“It helped me understand how different messages are translated and perceived when orders come down the chain of command. Once I transitioned into a leadership role I focused on learning both what motivates those under me but also how they like to receive communication and to what detail. This cultivated an environment of mutual respect.”

Growth is better achieved in a team environment than it is isolated 

“One of the main reasons I was interested in joining the military was because of the team camaraderie that would be sewn into each and every day,” said Wright. “I quickly learned that going through struggles and triumphs as a team helps you grow individually rapidly. When you are working in a team your strengths and weaknesses are highlighted. When working in a team you can find those whose strengths help fill the gaps from your weaknesses and learn from them.”

It is vital to rely on those around you to complete missions no matter how big or small

“This lesson was learned alongside the one above,” said Wright. “Everyone is going to have strengths and everyone is going to have weaknesses. It is important that no matter how big or small a task is, you are looking to those around you to help. It can be something as small as spell-checking a document or something as big as running a takeoff checklist a second time before flying into a combat zone. Individuals can never do as thorough a job completely alone.”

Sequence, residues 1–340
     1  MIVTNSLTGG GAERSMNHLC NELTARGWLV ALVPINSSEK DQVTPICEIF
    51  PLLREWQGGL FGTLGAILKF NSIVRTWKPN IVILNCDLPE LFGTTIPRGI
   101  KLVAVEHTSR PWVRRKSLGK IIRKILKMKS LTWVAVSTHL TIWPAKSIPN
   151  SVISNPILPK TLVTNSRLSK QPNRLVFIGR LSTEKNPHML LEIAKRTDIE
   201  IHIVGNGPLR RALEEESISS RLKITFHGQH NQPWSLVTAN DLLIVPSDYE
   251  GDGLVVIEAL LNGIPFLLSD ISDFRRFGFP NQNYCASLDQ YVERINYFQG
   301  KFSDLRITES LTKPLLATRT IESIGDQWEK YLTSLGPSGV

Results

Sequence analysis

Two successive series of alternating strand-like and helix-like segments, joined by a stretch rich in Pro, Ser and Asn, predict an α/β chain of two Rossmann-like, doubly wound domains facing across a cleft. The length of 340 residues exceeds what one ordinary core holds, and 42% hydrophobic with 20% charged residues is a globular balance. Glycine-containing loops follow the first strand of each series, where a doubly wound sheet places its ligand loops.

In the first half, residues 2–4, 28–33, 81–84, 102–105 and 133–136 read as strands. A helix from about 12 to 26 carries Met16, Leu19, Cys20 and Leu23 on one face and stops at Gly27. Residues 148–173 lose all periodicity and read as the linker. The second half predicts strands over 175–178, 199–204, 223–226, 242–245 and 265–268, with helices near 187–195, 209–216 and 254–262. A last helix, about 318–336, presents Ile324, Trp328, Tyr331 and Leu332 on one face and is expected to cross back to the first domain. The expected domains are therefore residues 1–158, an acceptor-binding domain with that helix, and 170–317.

Not only is Wright a veteran in the Salesforce ecosystem, she’s also married to another veteran with a Salesforce career, giving her deep insight into the transition from military service to Salesforce. Her advice for other veterans looking to enter the Salesforce ecosystem? “Find what makes you tick.”

“The thing that is so amazing about the Salesforce ecosystem is that there are an abundance of different jobs that work within different corporate verticals to choose from,” said Wright. “Do not get discouraged if your entry into the ecosystem is in a position or vertical that does not create satisfaction. There are plenty of opportunities, and as you grow your career it is amazing to see how you can jump from finance to healthcare to manufacturing and so much more!” 

Burtner’s advice is to get accustomed to the processes that define how Salesforce companies work, which are easier to absorb than they may seem. “Salesforce associates and partners live and breathe the Agile Framework: learn about it and you will find parallels to your military training,” said Burtner. “We bring teams of people together who may not know each other or even speak the same language, to accomplish highly complex goals in a short amount of time, meeting goals that benefit everyone in the end. Your leadership and technical skills are and will be invaluable in our environment.”

Are you a veteran interested in joining the Silverline team? Check out our open positions and apply today.